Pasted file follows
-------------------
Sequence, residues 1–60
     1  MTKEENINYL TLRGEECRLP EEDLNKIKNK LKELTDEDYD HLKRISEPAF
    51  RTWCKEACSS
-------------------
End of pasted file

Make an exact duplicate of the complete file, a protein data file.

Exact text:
Sequence, residues 1–60
     1  MTKEENINYL TLRGEECRLP EEDLNKIKNK LKELTDEDYD HLKRISEPAF
    51  RTWCKEACSS